Finally, if you live somewhere that is cool to cold most of the year, and you frequently find yourself wearing a jacket or other thicker clothes, perhaps consider carrying something larger (both in overall size and in caliber) and take advantage of the additional concealment offered by heavy clothing.

Also, if you’re bundled up in multiple layers, chances are an assailant will be as well, and those extra layers, particularly heavy canvas or denim, may blunt the effectiveness, and even halt penetration, of the .380 ACP.

Choosing .380 ACP Ammo

If you’ve weighed your options and decided you can wield a .380 in a defensive situation, you have another decision to make: what ammo to use.

In a defensive gun, you’re always going to want a hollow-point round from a reliable manufacturer that’s part of a line that will be commonly available.

Visual example of what good defensive ammo looks like, Hornady Critical Defense
Visual example of what good defensive ammo looks like, Hornady Critical Defense

Examples of such manufacturers and product lines include:

All of these offerings are going to perform well, as long as two conditions are met:

  1. You perform well with the ammo you’ve chosen
  2. Your gun performs well with the ammo you’ve chosen

How do you find out if the ammo you’ve chosen meets these conditions?

Practice, practice, practice.

FMJ or ball ammunition may work just fine for target practice, but it’s important that you know how you shoot with your defensive ammo of choice, and that you know your gun will perform reliably with said ammo.

FMJ (left) Vs. JHP (right)
FMJ (left) Vs. JHP (right)

While a gun may perform well with one type of ammo, particularly FMJ ammo, it may not operate reliably with certain hollowpoint geometry, and that’s not something you want to find out for the first time when you draw down on an assailant.

Much better to learn that lesson at the range where the only issue is looking a bit silly in front of your buddies when your gun jams or doesn’t feed properly.

Always run at least one full box of your defensive ammo of choice through the gun before choosing to carry it, more if you can afford it.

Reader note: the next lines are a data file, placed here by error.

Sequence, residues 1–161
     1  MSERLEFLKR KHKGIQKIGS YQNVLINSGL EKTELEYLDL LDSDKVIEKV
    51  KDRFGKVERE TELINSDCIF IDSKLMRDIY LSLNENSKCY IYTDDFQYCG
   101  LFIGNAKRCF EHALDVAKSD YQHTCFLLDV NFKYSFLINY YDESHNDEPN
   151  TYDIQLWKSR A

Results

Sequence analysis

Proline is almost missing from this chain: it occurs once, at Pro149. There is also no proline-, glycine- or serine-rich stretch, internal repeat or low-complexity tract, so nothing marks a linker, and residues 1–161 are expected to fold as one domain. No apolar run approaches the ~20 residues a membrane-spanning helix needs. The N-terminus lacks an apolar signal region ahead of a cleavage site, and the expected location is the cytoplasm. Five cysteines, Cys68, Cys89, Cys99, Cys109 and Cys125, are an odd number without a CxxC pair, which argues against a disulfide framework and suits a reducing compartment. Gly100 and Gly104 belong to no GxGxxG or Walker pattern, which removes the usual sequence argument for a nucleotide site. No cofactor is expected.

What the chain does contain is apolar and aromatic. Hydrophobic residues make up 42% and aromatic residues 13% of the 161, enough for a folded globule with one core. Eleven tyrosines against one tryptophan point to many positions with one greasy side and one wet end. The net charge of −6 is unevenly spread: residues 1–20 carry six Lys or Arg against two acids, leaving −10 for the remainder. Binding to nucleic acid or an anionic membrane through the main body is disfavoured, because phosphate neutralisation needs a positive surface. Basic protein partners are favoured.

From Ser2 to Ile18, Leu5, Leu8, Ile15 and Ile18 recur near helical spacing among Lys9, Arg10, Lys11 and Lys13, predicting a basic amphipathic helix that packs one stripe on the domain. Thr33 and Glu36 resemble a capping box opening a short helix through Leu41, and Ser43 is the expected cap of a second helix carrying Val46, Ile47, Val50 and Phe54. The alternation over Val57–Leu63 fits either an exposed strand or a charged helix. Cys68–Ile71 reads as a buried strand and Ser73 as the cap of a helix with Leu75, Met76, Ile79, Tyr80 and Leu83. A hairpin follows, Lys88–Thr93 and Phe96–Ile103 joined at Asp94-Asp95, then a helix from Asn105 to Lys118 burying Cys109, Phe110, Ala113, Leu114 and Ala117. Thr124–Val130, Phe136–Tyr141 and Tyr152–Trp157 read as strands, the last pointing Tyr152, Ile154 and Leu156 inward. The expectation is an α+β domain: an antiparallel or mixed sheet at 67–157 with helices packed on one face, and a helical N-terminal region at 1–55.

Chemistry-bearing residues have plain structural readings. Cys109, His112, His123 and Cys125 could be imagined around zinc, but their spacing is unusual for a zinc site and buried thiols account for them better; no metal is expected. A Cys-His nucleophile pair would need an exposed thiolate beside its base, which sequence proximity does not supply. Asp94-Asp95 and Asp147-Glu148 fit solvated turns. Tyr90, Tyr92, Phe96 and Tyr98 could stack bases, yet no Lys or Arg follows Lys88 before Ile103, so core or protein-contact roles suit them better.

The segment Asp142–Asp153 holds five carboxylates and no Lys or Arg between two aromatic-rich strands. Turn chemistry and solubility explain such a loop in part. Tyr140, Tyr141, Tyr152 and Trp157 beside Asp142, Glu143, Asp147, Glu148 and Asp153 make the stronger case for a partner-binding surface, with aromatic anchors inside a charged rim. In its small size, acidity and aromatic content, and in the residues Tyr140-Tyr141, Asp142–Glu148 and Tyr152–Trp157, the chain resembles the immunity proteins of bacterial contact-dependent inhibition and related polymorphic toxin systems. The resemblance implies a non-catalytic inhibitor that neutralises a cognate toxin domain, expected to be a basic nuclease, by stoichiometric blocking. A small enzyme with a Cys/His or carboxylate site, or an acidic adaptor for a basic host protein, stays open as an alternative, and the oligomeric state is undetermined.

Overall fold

Of course, you can make the argument that you can’t afford not to extensively test your gun and ammo of choice, but that’s a decision to be made between you, your desire for safety, and your wallet.

If you’re wondering, our favorite is the Hornady Critical Defense. Designed for short barrels, this stuff really delivers.

Hornady Critical Defense 90gr

Hornady Critical Defense 90gr


  • Designed for shorter barrels
  • Amazing expansion

Best .380 ACP Carry Guns

These are some of the best .380 carry options available.

Of course, there are probably a hundred other options out there, and dozens of those could make this list, but these are the guns that have been tested and proven to be the best of the best and to function reliably in a defensive situation.

1. Ruger LCP II

The LCP II is a polymer-framed pistol that is widely regarded as one of the best values in the pocket-carry sector.  

The original LCP was much-maligned for its subpar trigger, but the new LCP II handily addresses this with a vastly improved trigger that is one of the best in its class.

Ruger LCP II

Ruger LCP II


  • Easily concealed
  • Good grip texturing
  • Combat-style sights


  • Night sight options are expensive
  • Limited capacity like most pocket pistols

Ruger LCP II Specs:

  • Capacity: 6+1
  • Overall Length: 5.17 inches
  • Height: 3.71 inches
  • Weight (empty): 10.6 oz
  • Barrel Length: 2.75 inches
  • Sights: Integral

Overall, the LCP II is a great option for those who want an easy-to-conceal gun in a .380 caliber.  Its 6+1 capacity is fairly standard for guns of this form factor, and the wide rear notch sights make groups at combat distances tight and consistent.

For its size, this gun is surprisingly easy to shoot, especially with the pinky extension on some of the magazines that allows you to get an extra finger on the grip.

The rough grip texturing is perfect for a pocket gun, and the cocking serrations make manipulation of the slide easy in a high-stress scenario.

2. Bersa Thunder .380

Bersa has been flying under the radar in the United States for years, but the Argentina-based gun maker has been quietly and efficiently turning out one of the best values in the world of CCW options for years now.

The Bersa Thunder .380 is a Walther PPK clone (on the outside) that sits comfortably below the $300 price point and offers an impressive 8+1 capacity in a diminutive form factor.

Bersa Thunder .380

Bersa Thunder .380


  • Lots of options including grips, lasters, night sights, etc.
  • Higher capacity than most .380 pocket guns
  • Great trigger, especially in SA